Grade Level: 8 - 12, College, Adults
US Release Date: 2014
Copyright Date: 2013
DVD ISBN: 1-56029-086-2
"This groundbreaking film is at once profoundly moving, utterly stilling, and one of the most educational exposés of how we use and abuse other animals as if their lives don't matter even to them, as if they're ghosts who really don't exist and whose lives are valued only if they can be useful to us. By portraying animals as individuals this film provokes us to move into a future that does not rely upon reprehensibly exploiting them for our own ends. We suffer the indignities to which we subject animals and when we treat them better it's a win-win situation for everyone."
Marc Bekoff, Professor Emeritus of Ecology and Evolutionary Biology, University of Colorado, Author, The Emotional Lives of Animals and Why Dogs Hump and Bees Get Depressed: The Fascinating Science of Animal Intelligence, Emotions, Friendship, and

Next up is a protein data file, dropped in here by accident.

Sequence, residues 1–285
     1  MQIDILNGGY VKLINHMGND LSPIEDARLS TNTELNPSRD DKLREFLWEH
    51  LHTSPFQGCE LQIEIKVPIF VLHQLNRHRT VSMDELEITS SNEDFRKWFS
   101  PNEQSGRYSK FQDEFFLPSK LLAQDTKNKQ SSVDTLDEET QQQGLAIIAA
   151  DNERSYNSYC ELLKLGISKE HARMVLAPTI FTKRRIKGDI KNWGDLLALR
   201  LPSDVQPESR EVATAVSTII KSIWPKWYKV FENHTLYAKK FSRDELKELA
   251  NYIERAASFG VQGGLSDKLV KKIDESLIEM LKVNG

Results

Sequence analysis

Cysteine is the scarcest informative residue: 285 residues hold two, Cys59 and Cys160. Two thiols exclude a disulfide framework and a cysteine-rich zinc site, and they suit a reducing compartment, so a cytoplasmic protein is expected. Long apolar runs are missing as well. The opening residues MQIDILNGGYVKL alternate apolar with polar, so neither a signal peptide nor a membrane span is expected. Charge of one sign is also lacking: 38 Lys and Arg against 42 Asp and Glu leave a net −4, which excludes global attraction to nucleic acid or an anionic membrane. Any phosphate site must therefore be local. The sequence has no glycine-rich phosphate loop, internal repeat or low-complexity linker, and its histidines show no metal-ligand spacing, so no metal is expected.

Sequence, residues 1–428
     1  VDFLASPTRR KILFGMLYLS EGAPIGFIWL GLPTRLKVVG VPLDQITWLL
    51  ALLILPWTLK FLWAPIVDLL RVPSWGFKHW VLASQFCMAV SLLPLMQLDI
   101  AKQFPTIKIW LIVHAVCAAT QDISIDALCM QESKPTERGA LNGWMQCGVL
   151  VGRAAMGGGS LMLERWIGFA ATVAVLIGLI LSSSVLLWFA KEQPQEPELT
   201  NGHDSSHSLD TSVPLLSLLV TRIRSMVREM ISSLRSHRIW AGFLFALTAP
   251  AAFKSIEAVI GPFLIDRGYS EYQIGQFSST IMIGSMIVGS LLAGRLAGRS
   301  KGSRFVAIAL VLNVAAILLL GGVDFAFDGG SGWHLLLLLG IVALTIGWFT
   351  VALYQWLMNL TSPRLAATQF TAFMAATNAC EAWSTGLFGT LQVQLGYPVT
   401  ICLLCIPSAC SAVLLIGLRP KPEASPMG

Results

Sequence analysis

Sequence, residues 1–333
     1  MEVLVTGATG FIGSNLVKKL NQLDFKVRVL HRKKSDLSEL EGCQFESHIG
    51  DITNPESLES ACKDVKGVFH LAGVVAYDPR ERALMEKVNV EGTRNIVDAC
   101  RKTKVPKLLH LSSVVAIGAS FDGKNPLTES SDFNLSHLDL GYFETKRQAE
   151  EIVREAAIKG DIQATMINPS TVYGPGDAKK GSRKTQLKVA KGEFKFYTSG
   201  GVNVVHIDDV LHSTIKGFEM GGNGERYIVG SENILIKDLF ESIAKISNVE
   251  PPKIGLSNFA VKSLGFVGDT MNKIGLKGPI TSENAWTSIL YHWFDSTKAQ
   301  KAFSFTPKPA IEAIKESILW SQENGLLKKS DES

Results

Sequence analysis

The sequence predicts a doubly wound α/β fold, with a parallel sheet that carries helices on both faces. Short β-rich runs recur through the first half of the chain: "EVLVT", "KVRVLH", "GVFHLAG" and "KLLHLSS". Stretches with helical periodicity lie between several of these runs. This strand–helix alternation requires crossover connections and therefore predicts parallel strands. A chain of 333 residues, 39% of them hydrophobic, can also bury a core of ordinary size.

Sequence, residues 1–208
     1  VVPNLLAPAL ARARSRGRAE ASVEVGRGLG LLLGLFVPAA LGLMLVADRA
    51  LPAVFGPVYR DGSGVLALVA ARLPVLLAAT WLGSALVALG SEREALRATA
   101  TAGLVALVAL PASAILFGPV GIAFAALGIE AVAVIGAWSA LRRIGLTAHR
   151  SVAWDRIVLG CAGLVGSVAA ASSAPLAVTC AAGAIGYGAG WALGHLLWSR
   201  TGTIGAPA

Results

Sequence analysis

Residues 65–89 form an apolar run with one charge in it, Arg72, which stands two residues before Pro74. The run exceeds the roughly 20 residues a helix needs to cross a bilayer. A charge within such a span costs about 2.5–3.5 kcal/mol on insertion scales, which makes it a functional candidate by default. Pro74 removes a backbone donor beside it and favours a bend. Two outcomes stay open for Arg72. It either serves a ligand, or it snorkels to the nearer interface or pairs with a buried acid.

"No words can capture the importance of Liz Marshall's film or the mix of sadness and inspiration it conveys. Jo-Anne McArthur is the film's main focus. Through her global photographic lens, she maps both the agony and the ecstasy of the plight of other animals, laboring tirelessly to catch them in the act of being who they are. "
Tom Regan, Professor Emeritus of Philosophy, North Carolina State University, President of The Culture and Animals Foundation, Author of Empty Cages: Facing the Challenge of Animal Rights
"The Ghosts in Our Machine highlights the courageous work and affecting photographs of an intrepid advocate for other animals. This extraordinary documentary both reveals the personhood and beauty of other animals and exposes the profit-driven horrors inflicted upon them - by the billions. I highly recommend this important film for educators to supplement their discussions of the oppression of other animals."